The State of Maine has recently crept back into my consciousness. With a son attending the Maine Maritime Academy, occasional 6-hour jaunts from Stowe to Castine have popped into the GPS of my institutional memory. I know Maine. I went to the University of Maine at Orono, where I lived in Stephen King’s dorm room in Hancock Hall. I learned to hunt deer while staying in Albion Smart’s cabin, the “U-Needa Rest,” on Boyd Lake, in LaGrange. I sold my first short story, “The Deer Men,” to Harry Vanderweide at The Maine Sportsman. I drove a 1977 Chevy Malibu named “State o’ Maine,” after the character of a bear in John Irving’s novel The Hotel New Hampshire. One of my college roommates once said, “Once Maine gets in you, you can never get it all the way out.”

Making the drive from Vermont to Maine again, I was reminded of the state’s diversity: diversity of geography, diversity of weather, and diversity of people. It’s not that the people of Maine are racially diverse; they’re individually diverse. Each resident is a different nation unto himself. But what impressed me the most was the state’s similarity to France.

Americans generally think of France as a single country. But it’s really a collection of regional duchies, consolidated fiefdoms stitched together under the flag of La Republique: Brittany, Alsace, Burgundy, the Alps, Lyon, Paris, the Basques…they all have their own geography, culture, and language. Maine itself was named after a region in France. And to drive through Maine is to be reminded of the differences within its borders.

We enter the state on Route 2, in the western mountains, a boreal place with deceptive peaks that look inviting, but are steeper than their evergreen-cloaked slopes display. Bethel is a place we considered moving to, a mountain town adorned with the quirks of the ski area up the road: plenty of pizza joints, some former manufacturing, lots of lumber, a railroad, upscale digs mixed with quirky guest houses.

From there we head down Route 26 to West Paris. The land between there and the Lakes Region is what I call Stephen King country. The novels Pet Sematary, Christine, and The Tommyknockers could be set in any one of the towns along this stretch of road, where dust and desolation conspire with the imagination. We average 60 miles per hour along deserted, sparsely habited lands, places that seem to be populated with more schismatic churches (“The Church of the Fellowship of the Second Coming Welcomes All to Worship, Sundays at 11AM”) than supplicants.

The capitol district sits in the valley of the Kennebec River, one of the greatest logging and lumber waterways in the history of the earth. Beyond that, due east, lies the coast, the brackish breeze announcing its presence long before we see the commercial fleet bobbing in Belfast Bay. Here are the hotels and gift shops of Searsport, a taste of the Maine tidal coastline that stretches for 3,500 miles, from New Hampshire to New Brunswick, as jagged and craggy and tough and beautiful as the people who live there.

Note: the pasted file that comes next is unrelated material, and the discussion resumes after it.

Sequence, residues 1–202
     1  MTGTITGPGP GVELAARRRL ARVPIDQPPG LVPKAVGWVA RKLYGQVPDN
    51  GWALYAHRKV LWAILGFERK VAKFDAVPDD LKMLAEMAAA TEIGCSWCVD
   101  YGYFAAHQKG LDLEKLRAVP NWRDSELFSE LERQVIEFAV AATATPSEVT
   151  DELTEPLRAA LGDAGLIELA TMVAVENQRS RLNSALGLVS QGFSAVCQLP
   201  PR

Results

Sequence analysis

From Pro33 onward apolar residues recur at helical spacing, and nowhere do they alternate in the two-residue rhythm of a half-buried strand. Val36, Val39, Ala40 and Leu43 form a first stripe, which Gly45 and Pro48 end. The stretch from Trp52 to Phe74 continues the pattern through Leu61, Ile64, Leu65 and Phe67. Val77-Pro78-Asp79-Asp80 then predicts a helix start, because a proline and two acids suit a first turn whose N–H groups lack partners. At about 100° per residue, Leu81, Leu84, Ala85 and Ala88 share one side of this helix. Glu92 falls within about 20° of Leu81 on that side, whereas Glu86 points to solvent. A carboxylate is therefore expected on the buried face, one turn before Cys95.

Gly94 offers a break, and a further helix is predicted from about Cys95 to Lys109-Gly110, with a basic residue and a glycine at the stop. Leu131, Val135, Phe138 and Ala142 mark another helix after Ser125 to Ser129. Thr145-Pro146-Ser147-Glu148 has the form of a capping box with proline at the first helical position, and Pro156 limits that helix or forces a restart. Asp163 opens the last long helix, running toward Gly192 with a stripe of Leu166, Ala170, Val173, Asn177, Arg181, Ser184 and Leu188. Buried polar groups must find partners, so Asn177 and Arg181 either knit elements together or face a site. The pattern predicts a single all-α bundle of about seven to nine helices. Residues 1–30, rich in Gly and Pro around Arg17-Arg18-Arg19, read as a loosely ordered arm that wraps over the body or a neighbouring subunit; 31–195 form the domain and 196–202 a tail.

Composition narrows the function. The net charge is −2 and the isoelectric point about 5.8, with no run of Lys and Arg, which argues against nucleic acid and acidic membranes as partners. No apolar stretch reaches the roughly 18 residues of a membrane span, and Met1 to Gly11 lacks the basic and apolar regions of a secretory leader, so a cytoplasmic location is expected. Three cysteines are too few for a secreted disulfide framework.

And, finally, the coast itself. The broad waters of Penobscot Bay surround the head of land called Castine. The wind snaps up Pleasant Street, past the only two places to get a drink in town, Danny Murphy’s and Dennett’s, past the Pentagoet and the Castine Inn, past the athletic field, head on into the new science building. The roads are ripped up for construction this year, but we tiptoed past the backhoe, down to the dock, overlooking the Bowdoin, in the shadow of the T.S. Maine, which stands for Training Ship, not Technical Sergeant Garp, the man who gave his seed to give life to T. S. Garp in John Irving’s The World According to Garp.

As I learned long ago, you never really leave Maine. You go away for a while, and it grows inside you, occasionally blossoming, sometimes into fiction, sometimes into a son who chooses to spend part of his life there. You leave, but like my roommate said, you never get Maine out of you.

Thursday, April 23, 2015

The End of Something

We sat in lawn chairs in the muddy parking lot, gazing up at the Front Four, and the Nosedive, bits of Perry Merrill, and the bottom half of Gondolier. Cold beers cooled our hands, recently released from sweaty gloves, recently released from a season of pole plants, recently released from computer keyboards and toilet brushes. Around us, grills smoked, centering groups of men and women encamped like a hippie army charged with leading dogs and Frisbees into the twilight of the another season of skiing on Mt. Mansfield.

We skied through spring snow that showed no signs of corning, before descending to our tailgates and our coolers and the rest of our years. Conversations moved easily from food to work, dissipating into punctuated silence whenever a skier in colorful costume beat the shadows down the mountain, or when the woman in the truck across the parking lot stripped off her ski gear, down to her underwear, before re-suiting and drifting off to one of the clutches of boozy friendship.

We circled the makeshift kitchen, a Coleman stove simmering chili and a portable grill flaring from a collection of rendering meat. Bags of chips littered the space between the circle of chairs, and dogs visited the edge of our meals and fires, reenacting a 10,000-year old ritual. The food and talk and spring air mingled into a perfume that suggested something beyond the observable universe, something beyond imagination or inspiration, something we hungered for, our full mouths a poor substitute.

We watched the sun drop behind the ridge of the mountain and felt the temperature plunge five degrees in five minutes and heard vehicle doors slamming shut across the encampment and smelled the last of the smoke fires twisting up into the chilling air. The mountain had won again; the mountain always wins, and a steady stream of cars began moving down into the valley, past the lone cop posted by the resort entrance, past the hulking structures of the soft side, bumping over newly minted frost heaves, where some would peel off into muddy parking lots for more beer, trying to delay the melting runoff that rushed under their feet, as another season, another religion, another passion, loses the contest with time.

Photo courtesy of innkeeper extraordinaire Tom Barnes.